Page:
September 12, 2005, Dearborn, MI. USA.
In America, I was blessed with time to reflect. I have time to watch television documentaries and political and economic analysis of television hosts and their guest of experts. But like the television talk shows in the Philippines, the US television has it own share of garbage polluting the airwaves. I am not about to discuss this pollution. I have selectively chosen TV programs which were very enriching and informative. I have watched President Richard Nixon’s documentary and had sympathized with the man of enduring courage and wisdom. With all his fault and shortcomings, he had the wisdom and the courage to take the fall and sacrificed everything in the interest of the greater good, that of the Nation and the people by resigning the Presidency. Courage that we did not see from Mr. Marcos until the nation moved in on him in the streets of Mendiola and EDSA and courage we did not see from the Chief Justice of the Supreme Court when his integrity was placed in serious doubt so the Supreme Court can recover from whatever integrity left with it after cavorting with Mr. Marcos during those long martial law years. Courage we did not see from Mr. Estrada until few deaths littered the streets of Metro Manila and his cabinet secretaries had abandoned him solitarily in Malacanang Palace in 2001.
I was amazed with Nixon’s fortitude to seek the “peace at the center” and not to hate the people who have hated him. His philosophy could have been influenced by someone who walked this earth more than 2,000 years ago and who gave us the first enduring philosophy that we should turn our left cheek when our enemy hit us on the right cheek. The same enduring virtue Gandhi used in subduing the proud and almost invincible British Empire. It was the same philosophy that Senator Benigno Aquino had tried to emulate before he was murdered in 1983 in an international airport in Manila, now named to honor him.
Gandhi was willing to be bruised by the British soldiers without let up and without putting up a fight until the soldiers would lose their appetite to beat him up.
Senator Aquino was imprisoned by Mr. Marcos for 7 years and was sentenced to die by Mr. Marcos’ military tribunal but when he got the news that Mr. Marcos was ill, he hurried back home to talk some sense to the President to call for an election and transfer power to the civilian government instead of allowing a military junta to rule the country.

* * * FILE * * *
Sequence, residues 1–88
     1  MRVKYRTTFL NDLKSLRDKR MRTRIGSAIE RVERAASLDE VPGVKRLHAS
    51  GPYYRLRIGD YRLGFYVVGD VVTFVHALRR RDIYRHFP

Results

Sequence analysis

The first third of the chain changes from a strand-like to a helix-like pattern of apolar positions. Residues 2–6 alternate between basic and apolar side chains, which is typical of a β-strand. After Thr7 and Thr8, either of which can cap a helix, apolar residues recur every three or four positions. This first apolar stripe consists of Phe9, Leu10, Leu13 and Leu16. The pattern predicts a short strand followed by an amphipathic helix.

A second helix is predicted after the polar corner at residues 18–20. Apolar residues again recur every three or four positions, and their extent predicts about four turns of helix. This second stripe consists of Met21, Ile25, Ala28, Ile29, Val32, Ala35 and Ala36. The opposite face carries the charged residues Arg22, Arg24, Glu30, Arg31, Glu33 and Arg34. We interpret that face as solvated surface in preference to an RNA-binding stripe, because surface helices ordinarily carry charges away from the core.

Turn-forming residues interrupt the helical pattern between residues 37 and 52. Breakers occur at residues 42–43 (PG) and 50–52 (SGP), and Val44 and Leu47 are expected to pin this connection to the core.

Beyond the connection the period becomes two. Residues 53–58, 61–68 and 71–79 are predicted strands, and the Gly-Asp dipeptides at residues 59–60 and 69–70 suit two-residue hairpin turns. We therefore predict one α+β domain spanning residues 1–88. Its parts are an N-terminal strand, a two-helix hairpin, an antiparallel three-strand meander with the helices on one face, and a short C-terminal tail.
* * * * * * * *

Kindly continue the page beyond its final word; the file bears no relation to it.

In the Philippines I have no time to reflect. I was too busy trying to earn a living and reflection was a commodity I could not afford. When in court, most people you have met were very uninteresting people, who just like you, were simply trying to earn a livelihood and have no time for intellectual and philosophical discourse.
In separate occasions I have witnessed two lawyers while in Court suffered heart attack. One died in the courtroom and the other was partially paralyzed. The one who died was a total stranger to me and the one who was paralyzed was a lawyer of the Philippine National Railways whom I have met as an opposing counsel in a case. We ended up good friends after the case was terminated. The one who died was not fortunate enough to write about his trial experience in court, while my friend may not be able to write as good as when he was healthy. I am more fortunate because God has given me time to reflect and to write.
I am writing my reflections now though I have yet to attain my inner peace. If I had my peace, I would have been tolerant of the foibles of the Supreme Court and the corruption of our government officials, but then I would have reneged from my civic duty to call the attention of the mighty that the nation suffers because of its misdeed. A civic duty I have almost abdicated had not the Supreme Court and the IBP called me a despicable extortionist.
It was farthest from my mind to indict the entire judicial system of which on few occasions has provided me with the opportunity to meet decent practitioners, judges and prosecutors. The Supreme Court had virtually motivated me to exercise this civic duty and make this narrative possible.
For almost 19 years as a trial attorney, and about three years as a corporate lawyer of a government-owned and controlled corporation, I have met honorable people who took pride in the ideals that they had been parts of a complex that dispenses justice to everyone. I had agonized over the thought that my contrary perception about this complex could hurt these few good and upright people.
I used to believe that whatever is the sad condition of the judiciary, there is always a silver lining in the horizon for its redemption. I used to tell my classmates who became judges later that I always see deliverance of the judiciary whenever I see my classmates in the bench. But this too was said in private occasions and gatherings among classmates. There were good judges and lawyers who did not graduate from UP and there were bad lawyers and judges who graduated from UP.
Some of those who would agree with me would be quick to point out that I am one of these bad UP graduates. Atty. Vic Hipe would call this a “factory-defect”, a description I could accept with a grain of salt even in the light of the record of the Supreme Court that I have been suspended from the practice of law for one year for “technical extortion”. I always maintained that I am not guilty of this misconduct and those who know how to read the records and evaluate the evidence can attest to this fact.
I must be prepared too for the brickbats thrown on my way genially for after all this is a free country (or is it?) and everyone is entitled to voice out his opinion on the issue.
But I did not draw the first blood.